Traffic lights. At a roundabout!
It was 5.47am, pitch black. Not a car in sight. One light beckoning me to come while the other holds up the red hand of authority saying not yet! Both inventions with the original intention of doing good and adding value to the world and both inventions when thrust together looking like a bad fitting suit, a joke that falls flat, or a party trick gone wrong.
It was so frustrating.
Leadership has opportunities to solve problems and a leaders tool box must have a flexible and adaptable set of skills that allow them to look at the problem, find the real issue, remove obstacles, and speed up the pace towards the outcome. Colin Powell said “Great leaders are almost always great simplifiers, who can cut through argument, debate, and doubt, to offer a solution everybody can understand.”
The three roles of a leader when solving problems are:
- Issue Clarification – Define the problem in the clearest and most succinct way.
- Obstacle Removal – Make the pathway as clean and clear as possible.
- Purposeful Action – Move even more intentionally towards the outcome.
When you have clarity and remove obstacles you create meaning, we know what to do and can see what’s possible.
When you remove obstacles and engage in purposeful action you serve motivation, we know we can do it and we want to make things happen.
When you have purposeful action in the light of a clear problem you get momentum. All available resources can be focused on a solution that will serve the mission most effectively.
Innovation lives at the edges. Teams understand when to work around the organisational chart when they need to. Empowered teams understand their mission, boundaries and authority to get the job done. Solving problems creates a new level of collective thinking, a new pattern of collaborative behaviour new opportunities for mission achievement.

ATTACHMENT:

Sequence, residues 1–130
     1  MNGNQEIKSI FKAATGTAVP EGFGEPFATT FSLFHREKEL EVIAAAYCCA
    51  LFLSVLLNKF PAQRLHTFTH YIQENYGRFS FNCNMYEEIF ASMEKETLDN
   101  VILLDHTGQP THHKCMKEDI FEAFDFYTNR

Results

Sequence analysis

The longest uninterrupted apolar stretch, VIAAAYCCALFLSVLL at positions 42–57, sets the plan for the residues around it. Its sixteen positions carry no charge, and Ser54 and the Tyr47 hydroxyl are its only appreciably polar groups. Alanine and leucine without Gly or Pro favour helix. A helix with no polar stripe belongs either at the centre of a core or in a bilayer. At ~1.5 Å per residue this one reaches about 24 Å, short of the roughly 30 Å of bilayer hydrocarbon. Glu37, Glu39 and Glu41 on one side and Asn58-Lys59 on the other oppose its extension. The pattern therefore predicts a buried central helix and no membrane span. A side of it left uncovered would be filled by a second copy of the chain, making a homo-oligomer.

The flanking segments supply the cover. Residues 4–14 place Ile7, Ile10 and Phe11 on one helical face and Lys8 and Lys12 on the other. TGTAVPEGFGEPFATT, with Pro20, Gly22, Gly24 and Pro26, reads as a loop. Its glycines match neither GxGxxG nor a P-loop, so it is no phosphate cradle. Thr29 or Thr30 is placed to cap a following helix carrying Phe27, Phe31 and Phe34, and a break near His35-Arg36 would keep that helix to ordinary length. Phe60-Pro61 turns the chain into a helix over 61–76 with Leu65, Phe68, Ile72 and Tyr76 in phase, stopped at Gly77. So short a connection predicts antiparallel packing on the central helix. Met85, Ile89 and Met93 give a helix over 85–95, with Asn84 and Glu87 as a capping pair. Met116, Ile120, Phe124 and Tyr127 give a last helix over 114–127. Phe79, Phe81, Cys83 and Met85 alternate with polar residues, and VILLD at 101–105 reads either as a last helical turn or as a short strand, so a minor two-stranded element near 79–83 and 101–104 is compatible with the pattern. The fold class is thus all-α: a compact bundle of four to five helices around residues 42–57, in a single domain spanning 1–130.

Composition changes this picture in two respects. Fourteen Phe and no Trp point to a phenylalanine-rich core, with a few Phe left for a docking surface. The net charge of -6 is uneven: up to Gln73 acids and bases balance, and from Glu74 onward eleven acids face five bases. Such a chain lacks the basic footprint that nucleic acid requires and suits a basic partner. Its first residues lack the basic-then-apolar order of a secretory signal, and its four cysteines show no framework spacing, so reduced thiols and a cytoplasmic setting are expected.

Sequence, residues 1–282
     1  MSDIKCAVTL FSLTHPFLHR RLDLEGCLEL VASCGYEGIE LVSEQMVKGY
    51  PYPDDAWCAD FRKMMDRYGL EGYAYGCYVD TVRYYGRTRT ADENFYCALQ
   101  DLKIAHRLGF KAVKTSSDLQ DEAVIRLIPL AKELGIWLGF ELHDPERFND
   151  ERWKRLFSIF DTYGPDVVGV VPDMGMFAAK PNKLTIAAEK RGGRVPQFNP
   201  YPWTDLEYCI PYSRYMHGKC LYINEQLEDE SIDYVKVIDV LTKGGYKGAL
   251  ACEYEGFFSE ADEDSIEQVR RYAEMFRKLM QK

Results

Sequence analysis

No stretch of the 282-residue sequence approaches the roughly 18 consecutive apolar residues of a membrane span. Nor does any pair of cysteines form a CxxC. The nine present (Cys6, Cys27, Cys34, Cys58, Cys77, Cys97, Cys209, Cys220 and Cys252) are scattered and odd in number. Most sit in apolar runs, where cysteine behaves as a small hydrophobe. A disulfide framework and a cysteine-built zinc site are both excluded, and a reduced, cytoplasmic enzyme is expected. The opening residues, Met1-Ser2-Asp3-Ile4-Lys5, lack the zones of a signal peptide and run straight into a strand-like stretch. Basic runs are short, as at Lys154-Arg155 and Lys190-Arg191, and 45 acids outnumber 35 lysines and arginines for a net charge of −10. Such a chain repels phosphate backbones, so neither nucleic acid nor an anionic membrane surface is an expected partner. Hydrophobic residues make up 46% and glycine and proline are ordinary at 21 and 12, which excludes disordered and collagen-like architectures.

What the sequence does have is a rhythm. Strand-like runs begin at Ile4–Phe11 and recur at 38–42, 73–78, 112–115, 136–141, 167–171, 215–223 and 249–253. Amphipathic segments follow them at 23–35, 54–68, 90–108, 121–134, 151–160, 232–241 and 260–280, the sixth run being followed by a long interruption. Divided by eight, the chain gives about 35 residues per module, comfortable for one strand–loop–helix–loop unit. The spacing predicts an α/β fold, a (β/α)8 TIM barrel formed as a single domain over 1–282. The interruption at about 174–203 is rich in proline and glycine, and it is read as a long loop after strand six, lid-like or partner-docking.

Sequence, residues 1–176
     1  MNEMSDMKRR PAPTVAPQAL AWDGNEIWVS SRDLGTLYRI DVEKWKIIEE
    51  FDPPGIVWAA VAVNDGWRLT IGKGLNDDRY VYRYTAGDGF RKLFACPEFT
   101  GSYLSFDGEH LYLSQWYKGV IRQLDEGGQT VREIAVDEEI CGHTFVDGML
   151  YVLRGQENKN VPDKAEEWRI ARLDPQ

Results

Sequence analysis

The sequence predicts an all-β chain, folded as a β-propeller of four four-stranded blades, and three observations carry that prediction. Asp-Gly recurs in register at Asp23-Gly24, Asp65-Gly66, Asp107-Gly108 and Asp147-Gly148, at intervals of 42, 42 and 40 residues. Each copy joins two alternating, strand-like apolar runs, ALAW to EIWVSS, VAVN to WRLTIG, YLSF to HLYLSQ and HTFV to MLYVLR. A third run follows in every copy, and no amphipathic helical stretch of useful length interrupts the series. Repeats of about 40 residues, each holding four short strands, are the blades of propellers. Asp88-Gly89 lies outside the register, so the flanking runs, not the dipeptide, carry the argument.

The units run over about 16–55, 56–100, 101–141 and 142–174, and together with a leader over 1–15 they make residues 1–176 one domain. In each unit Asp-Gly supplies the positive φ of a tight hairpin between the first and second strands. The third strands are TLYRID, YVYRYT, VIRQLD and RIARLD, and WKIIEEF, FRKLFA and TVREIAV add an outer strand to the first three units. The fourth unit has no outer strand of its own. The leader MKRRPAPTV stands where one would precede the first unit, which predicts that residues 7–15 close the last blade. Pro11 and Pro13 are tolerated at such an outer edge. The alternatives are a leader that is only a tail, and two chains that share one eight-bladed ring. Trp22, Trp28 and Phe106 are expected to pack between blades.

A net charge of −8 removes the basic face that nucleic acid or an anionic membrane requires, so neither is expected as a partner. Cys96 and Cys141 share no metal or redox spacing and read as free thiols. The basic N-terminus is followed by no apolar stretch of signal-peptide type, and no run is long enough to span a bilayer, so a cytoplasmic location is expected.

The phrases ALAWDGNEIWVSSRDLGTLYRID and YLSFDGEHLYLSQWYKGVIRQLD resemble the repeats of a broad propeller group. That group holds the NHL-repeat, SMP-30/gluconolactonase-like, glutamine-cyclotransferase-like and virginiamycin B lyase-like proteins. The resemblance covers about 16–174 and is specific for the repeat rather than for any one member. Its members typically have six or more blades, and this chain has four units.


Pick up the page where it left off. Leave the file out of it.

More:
Elon Musk’s viral letter to his organisation resets the bar for initiative and proactivity for solving problems and making work culture work in the light of organisational mission. He says:
“Instead of a problem getting solved quickly, where a person in one dept talks to a person in another dept and makes the right thing happen, people are forced to talk to their manager who talks to their manager who talks to the manager in the other dept who talks to someone on his team. Then the info has to flow back the other way again. This is incredibly dumb. Any manager who allows this to happen, let alone encourages it, will soon find themselves working at another company. No kidding.
Anyone at Tesla can and should email/talk to anyone else according to what they think is the fastest way to solve a problem for the benefit of the whole company. You can talk to your manager’s manager without his permission, you can talk directly to a VP in another dept, you can talk to me, you can talk to anyone without anyone else’s permission. Moreover, you should consider yourself obligated to do so until the right thing happens. The point here is not random chitchat, but rather ensuring that we execute ultra-fast and well. We obviously cannot compete with the big car companies in size, so we must do so with intelligence and agility.”
Elon Musk is saying ‘solve the problem as fast as possible, take initiative, BE A LEADER!’
At 5.49am the light turned green. As I made my way through the roundabout I realised how easy it is to create problems and then get used to them.
Leaders do the opposite.
This is for leaders. I am for leaders.